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So What Do You Do, Rob Curley, President/Executive Editor, Greenspun Interactive?

This media innovator generates high Web traffic from a galaxy of local content and harnesses Web video as a model for TV

- July 1, 2009
Rob Curley, a self-described Internet nerd, has been a regular on the "future of news" conference tour for years, where he is often tasked with describing how local newspapers can successfully move online by embracing the kind of deep-in-the-community street corner coverage that often gets short shrift these days. He and his Web team have created database-heavy "hyper-local" news Web sites for newspapers in Kansas and Naples, Fla., as well as at The Washington Post over the past decade, treating topics like high school sports and community politics to the same thorough and professional coverage that national events get in other papers. A little more than a year ago, Curley decamped for Las Vegas, where he became president of Greenspun Interactive, the online arm of the company that owns the Las Vegas Sun and Las Vegas Weekly. recently spoke with Curley about where he got his start, how his thinking has evolved on "hyper-local" journalism, and Greenspun's unorthodox new Web-and-TV show, 702.TV.

Name: Rob Curley
Position: President and executive editor, Greenspun Interactive
Birthdate: January 10, 1971
Hometown: Osage City, Kansas
Education: Osage City High School, Emporia State University
Resume: Started as a reporter at the Ottawa (Kan.) Herald; became a reporter and then new media editor at the Topeka (Kan.) Capital-Journal; managed online content development for the Morris Newspapers chain; served as general manager at the Web site of the Lawrence (Kan.) Journal-World and then director of new media and convergence at the World Company; became director of new media/convergence for the Naples (Fla.) and Bonita Daily News; joined WashingtonPost.Newsweek Interactive in 2006 as vice president of product development; moved to Vegas and his current position in May 2008.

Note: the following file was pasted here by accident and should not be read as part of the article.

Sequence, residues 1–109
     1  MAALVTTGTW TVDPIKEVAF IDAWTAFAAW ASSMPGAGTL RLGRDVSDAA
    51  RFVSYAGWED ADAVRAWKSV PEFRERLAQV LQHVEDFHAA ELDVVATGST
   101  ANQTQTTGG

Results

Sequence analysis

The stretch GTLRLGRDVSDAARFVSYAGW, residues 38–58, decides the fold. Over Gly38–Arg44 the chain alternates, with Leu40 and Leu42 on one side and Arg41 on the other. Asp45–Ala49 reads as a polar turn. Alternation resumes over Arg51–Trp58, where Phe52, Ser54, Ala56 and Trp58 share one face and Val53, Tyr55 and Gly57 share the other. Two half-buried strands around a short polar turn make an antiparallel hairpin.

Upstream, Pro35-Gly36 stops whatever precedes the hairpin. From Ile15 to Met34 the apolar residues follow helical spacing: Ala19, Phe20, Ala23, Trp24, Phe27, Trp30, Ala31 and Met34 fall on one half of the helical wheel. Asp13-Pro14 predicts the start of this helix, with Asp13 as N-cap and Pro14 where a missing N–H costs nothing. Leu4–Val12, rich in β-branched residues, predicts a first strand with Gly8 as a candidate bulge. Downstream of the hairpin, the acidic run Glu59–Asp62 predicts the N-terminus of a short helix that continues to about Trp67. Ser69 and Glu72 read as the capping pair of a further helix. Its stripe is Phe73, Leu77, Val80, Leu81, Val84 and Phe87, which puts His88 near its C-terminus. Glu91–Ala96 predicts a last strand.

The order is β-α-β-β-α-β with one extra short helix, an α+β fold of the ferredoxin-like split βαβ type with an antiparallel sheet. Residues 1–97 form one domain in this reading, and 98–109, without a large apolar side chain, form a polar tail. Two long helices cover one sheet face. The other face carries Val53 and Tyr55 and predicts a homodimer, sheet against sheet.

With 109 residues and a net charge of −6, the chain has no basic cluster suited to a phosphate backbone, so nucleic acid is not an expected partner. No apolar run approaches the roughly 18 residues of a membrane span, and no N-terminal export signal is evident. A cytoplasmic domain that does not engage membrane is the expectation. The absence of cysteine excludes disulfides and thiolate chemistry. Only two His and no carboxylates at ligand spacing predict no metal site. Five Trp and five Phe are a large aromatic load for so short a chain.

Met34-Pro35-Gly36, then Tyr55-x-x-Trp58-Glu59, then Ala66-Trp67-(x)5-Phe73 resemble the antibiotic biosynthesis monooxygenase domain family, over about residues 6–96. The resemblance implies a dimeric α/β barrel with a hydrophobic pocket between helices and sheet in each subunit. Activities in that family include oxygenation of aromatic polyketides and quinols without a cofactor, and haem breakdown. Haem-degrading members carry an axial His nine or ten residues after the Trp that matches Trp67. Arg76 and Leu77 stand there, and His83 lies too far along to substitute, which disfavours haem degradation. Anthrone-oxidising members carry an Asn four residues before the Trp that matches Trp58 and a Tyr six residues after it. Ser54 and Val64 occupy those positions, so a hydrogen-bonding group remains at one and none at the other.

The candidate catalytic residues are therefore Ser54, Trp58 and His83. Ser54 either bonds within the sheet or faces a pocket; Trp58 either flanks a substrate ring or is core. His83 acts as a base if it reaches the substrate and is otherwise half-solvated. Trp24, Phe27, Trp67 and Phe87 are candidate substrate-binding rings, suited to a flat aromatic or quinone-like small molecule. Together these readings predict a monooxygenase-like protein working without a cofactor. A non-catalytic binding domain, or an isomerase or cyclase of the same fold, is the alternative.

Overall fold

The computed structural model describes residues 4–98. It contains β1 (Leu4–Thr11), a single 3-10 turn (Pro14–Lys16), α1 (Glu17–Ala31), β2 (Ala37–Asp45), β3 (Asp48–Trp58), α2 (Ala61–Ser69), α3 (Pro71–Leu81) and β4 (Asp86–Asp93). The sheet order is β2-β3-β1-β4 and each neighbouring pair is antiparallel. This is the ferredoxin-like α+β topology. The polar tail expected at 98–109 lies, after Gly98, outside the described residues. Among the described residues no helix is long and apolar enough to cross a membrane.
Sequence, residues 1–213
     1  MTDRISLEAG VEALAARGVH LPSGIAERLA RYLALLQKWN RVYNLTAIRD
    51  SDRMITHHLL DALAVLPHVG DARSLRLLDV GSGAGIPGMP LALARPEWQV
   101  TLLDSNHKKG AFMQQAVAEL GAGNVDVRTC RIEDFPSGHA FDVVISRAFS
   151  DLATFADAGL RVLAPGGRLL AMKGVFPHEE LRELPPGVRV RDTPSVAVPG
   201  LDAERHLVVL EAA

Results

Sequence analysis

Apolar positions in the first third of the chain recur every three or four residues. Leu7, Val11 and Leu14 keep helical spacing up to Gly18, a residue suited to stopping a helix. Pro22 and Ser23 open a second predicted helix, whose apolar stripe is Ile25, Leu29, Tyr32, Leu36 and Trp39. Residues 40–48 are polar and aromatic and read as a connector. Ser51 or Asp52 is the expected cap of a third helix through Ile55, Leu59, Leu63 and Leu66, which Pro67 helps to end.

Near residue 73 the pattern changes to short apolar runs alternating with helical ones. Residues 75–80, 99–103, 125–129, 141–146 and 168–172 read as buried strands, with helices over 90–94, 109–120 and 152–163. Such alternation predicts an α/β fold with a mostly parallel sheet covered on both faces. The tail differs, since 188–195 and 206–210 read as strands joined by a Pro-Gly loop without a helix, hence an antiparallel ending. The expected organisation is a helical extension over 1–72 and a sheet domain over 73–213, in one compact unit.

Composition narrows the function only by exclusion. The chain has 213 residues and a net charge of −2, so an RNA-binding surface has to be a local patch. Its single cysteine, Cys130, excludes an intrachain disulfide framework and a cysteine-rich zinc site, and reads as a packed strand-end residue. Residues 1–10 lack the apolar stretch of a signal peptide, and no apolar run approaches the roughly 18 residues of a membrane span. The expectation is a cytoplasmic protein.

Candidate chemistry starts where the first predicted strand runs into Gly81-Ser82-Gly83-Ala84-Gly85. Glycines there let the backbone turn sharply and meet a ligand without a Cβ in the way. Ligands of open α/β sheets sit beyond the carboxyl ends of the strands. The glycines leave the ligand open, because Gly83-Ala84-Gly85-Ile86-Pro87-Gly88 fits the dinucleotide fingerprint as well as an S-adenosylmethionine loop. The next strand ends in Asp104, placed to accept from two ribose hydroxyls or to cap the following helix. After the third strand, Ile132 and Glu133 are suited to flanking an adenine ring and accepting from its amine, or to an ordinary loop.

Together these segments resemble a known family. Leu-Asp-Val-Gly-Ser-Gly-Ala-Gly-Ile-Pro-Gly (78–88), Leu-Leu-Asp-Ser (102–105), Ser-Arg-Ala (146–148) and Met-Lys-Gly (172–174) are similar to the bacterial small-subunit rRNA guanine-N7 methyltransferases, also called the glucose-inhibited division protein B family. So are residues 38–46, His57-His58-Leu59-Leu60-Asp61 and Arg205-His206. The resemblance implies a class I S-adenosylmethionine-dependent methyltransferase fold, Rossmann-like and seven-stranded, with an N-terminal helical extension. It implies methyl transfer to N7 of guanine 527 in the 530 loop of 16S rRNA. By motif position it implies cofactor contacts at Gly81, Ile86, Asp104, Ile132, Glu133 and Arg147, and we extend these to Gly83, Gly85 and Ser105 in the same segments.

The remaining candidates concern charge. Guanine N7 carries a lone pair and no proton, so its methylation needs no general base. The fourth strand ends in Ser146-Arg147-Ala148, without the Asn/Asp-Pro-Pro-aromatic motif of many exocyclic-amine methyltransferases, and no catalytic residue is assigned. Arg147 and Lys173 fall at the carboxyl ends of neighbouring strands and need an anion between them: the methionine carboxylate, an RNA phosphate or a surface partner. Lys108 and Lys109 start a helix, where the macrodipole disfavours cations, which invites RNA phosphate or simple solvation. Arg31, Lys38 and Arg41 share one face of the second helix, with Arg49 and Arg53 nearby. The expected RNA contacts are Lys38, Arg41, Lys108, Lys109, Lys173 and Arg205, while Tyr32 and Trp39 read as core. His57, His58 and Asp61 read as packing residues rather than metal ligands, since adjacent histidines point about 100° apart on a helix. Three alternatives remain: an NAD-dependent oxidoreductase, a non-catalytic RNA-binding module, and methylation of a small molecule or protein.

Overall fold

Marital status: Married
First section of the Sunday Times: "I'm a Washington Post guy, but it's only delivered in Washington. I started off with the sports section of the Post when I lived there."
Favorite TV show: The Sopranos
Last book read: Double or Nothing by Tom Breitling
Guilty pleasure: "I am addicted to Disney amusement parks and go multiple times a month. I have season passes to both Disneyland and Disney World."

How did you get started in journalism?
I was putting myself through college stringing for newspapers across the state of Kansas, anyone who would pay me. And then realized I could make more money if I would string for newspapers not in Kansas. So I learned everything that I could about indoor soccer, you know, the old major indoor soccer league? And hockey. And then began stringing for newspapers across the country. And when the Houston Arrows would play the Kansas City Blades of the International Hockey League, I would write the story for the Houston Chronicle.

In '96 I started working at the Ottawa Herald, which is a very, very small daily newspaper in Ottawa, Kansas. It was part of a very small chain in Kansas and they had an automated [online] system that was really very slick and very ahead of its time, and I shouldn't have monkeyed with it at all. But I asked if I could, and they let me, and I began working on their Web site. Then I was a writer at the Topeka Capital Journal, and I loved it -- but I was also fairly tech savvy and they knew I knew HTML. When they were having a leadership change in their Web department, they asked if I would do it. [...] And of course I loved the Web thing; it was awesome.

Did you already have a passion for local news by them?